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The case for letting high school students sleep in

High schools start so early that it's hard for kids to get enough sleep.
High schools start so early that it's hard for kids to get enough sleep.
Libby Nelson is Vox's policy editor, leading coverage of how government action and inaction shape American life. Libby has more than a decade of policy journalism experience, including at Inside Higher Ed and Politico. She joined Vox in 2014.

Jackson Hole High School might have some of the best-rested teenagers in America. The Wyoming high school used to start class at 7:35 a.m. — earlier than the average American high school, but not by much.

In 2012, though, the school district listened to a growing chorus from researchers, pediatricians, economists and others who say high schools should start later than they do. They moved their start time back more than an hour, to 8:55 a.m.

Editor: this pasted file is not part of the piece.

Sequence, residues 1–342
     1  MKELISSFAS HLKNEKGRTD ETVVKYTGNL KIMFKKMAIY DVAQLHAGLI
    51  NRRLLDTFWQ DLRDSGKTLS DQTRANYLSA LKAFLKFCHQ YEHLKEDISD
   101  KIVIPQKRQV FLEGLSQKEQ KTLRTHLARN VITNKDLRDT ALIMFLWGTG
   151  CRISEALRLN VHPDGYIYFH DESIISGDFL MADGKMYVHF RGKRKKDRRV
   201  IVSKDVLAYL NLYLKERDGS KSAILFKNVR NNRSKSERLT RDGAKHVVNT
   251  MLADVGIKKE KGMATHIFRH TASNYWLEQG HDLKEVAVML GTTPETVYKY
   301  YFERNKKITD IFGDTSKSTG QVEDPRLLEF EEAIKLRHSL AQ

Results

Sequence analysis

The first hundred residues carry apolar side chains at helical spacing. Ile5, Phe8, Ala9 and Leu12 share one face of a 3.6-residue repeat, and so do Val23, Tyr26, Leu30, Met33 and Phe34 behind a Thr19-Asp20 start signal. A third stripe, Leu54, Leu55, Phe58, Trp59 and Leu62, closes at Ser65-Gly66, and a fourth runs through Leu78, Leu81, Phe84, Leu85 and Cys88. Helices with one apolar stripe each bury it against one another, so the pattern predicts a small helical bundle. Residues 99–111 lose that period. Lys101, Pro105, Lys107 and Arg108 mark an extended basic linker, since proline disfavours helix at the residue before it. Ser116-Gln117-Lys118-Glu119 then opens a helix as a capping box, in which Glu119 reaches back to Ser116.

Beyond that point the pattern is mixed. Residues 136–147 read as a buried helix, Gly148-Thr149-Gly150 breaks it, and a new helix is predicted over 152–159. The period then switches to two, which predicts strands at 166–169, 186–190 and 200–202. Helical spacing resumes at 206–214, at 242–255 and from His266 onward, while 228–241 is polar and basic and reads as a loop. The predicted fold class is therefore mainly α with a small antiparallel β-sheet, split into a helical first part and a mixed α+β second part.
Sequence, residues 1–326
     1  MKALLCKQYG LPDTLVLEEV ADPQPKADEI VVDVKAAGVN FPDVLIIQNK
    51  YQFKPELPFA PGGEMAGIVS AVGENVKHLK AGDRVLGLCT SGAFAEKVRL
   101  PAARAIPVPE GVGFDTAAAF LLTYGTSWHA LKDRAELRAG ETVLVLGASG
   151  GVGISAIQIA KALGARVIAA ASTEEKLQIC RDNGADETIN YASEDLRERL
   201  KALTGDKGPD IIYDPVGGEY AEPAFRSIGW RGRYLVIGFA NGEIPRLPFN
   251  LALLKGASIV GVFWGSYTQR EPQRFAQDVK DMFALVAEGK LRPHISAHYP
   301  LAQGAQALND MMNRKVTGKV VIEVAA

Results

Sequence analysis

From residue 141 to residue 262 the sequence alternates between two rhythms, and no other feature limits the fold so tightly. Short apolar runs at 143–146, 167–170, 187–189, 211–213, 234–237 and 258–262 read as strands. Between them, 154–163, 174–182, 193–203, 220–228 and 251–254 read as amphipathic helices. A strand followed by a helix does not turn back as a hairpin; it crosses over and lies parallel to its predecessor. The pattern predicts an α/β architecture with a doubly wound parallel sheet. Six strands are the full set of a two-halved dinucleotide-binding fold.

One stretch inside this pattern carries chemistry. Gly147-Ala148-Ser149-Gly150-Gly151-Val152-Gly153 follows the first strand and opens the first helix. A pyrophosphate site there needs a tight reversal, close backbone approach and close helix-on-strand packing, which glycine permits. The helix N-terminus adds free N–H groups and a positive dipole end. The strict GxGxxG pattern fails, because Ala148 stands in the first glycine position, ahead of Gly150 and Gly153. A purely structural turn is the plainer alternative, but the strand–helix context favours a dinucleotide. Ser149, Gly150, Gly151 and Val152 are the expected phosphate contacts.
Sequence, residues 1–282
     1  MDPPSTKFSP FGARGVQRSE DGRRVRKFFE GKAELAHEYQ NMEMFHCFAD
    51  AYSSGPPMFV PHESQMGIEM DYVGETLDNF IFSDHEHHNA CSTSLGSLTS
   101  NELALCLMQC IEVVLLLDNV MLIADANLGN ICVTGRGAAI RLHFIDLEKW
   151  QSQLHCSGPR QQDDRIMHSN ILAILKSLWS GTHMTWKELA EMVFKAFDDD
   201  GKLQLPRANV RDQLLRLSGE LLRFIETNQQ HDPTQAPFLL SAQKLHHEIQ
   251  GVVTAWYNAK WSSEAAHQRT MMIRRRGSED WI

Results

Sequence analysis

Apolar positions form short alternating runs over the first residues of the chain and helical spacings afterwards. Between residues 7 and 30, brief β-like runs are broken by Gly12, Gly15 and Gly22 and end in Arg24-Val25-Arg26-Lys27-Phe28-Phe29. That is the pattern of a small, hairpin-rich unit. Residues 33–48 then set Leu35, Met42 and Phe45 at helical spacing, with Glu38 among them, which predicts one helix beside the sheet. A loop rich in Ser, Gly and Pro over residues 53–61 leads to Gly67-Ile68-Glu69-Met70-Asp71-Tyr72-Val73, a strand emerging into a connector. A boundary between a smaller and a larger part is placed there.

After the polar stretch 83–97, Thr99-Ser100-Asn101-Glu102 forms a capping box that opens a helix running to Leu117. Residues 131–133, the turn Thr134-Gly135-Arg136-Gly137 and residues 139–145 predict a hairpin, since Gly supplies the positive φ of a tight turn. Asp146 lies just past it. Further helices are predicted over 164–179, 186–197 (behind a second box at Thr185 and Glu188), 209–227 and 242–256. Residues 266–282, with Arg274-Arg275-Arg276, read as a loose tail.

After the change, students reported sleeping more. They were more likely to show up to class on time. It's even possible that the later start date contributed to a dramatic drop in car crashes in the district.

But Jackson Hole's 8:30 start is an outlier. Most high schools start the day way earlier — a survey of 18,000 public high schools in 2011 found that the average start time was 7:59 a.m. The vast majority, 86 percent, started before 8:30 a.m.

And the evidence suggests that's bad for kids' health and their grades. Teens might be able to do better, pediatricians argue, if we just let them sleep a little bit later.

Adolescents are wired to sleep later

Medical research has found, contrary to public opinion, that teenagers aren't lazy —they just have a different relationship to sleep.

Adolescents should get 8.5 to 9.5 hours each night like other kids, according to the American Academy of Pediatrics, which recently recommended later high school start times. But here is what's different about teenagers' sleep cycle changes: they shift about two hours later than when they were younger.